FWIW, I have measured (at the microphone position) a classical performance that crested the 120dB mark! Of course, using common sense and the inverse square law, we could determine that the audience was not experiencing that level at all. (BTW - it was the 4th Movement of Tchaikovsky's 4th Symphony).

    J.
     
  6. aborza

    aborza Guest

    You have a very good point there. If you guys measure at the microphone, why not get the data from a central mic point? The inverse square calculations are simple enough.

    But is there a central mic point that is representative? And how far would that central point be from the sound source so that I can start using the inverse square calculations? Hmm.

    If you can suggest a smart way to ask the question, I will do so.

    In the mean time I will visit OSHA.

    BTW, Tchaikovsky's 4th Symphony, one of my favorites!

    Thanks

    ab
     
  7. DavidSpearritt

    DavidSpearritt Well-Known Member

    The inverse square law decay of sound is only relevant in the free field and for a point source, OK if you are in the middle of a footy field with one instrument. In a concert hall the decay is much less than inverse square due to the huge amount of reflected sound and the many sources. All too much of a simplification I'm afraid.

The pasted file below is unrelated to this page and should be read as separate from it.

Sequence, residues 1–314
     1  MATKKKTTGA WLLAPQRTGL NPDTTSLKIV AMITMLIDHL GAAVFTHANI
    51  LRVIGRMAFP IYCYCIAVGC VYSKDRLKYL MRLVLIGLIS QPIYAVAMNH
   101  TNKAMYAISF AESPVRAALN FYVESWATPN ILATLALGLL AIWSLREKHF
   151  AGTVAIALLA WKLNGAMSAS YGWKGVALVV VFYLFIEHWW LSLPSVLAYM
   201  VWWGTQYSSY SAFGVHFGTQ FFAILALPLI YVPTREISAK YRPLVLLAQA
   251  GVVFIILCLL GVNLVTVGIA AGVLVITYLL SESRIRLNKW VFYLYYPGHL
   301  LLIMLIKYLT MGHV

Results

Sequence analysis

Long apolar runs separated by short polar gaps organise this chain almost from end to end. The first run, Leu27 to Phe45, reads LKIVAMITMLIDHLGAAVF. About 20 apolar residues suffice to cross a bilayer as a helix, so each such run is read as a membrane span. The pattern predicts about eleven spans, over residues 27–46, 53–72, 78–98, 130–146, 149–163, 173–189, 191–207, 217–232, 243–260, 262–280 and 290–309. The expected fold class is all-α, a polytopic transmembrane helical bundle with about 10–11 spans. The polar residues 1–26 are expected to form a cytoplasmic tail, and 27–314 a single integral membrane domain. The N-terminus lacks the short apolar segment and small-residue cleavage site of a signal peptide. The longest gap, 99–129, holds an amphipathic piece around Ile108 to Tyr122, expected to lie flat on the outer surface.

8. bap

    bap Member

    We took our 11 year old daughter to see The Lion King [Broadway version] and it was all of the above.

    A good show.. but it hurt.
     
  9. RemyRAD

    RemyRAD Guest

    bap, I'm sorry to hear that you were sorry to hear the results of a couple of moron sound guys that must have believed it was important to blow people out of their seats for a children's show. Shame on them. I find excessive sound levels quite annoying myself. Another reason why I remain in the control room for most live concerts.

    Sitting on my butt and turning down the volume
    Ms. Remy Ann David
     
  10. JoeH

    JoeH Well-Known Member

    Dang; I'm with Remy on this one! :cool: And I'm NOT being an old curmudgeon about live shows, either. Most of them are just too damn loud anymore, and sound horrible. (Just because you CAN doesn't mean you should.)

    If you read the trade mags, you'd think all was rosy in the live sound world these days. Unless it's outdoors, most live indoor shows I've seen are just awful. I make it a point to bring those soft "Hearo" style earplugs to at least get the decibels down 10-20 db to a comfortable level. (It's amazing how DIFFERENT it all sounds when the screaming and house reverb is reduced and you can HEAR the band really playing...hehe.)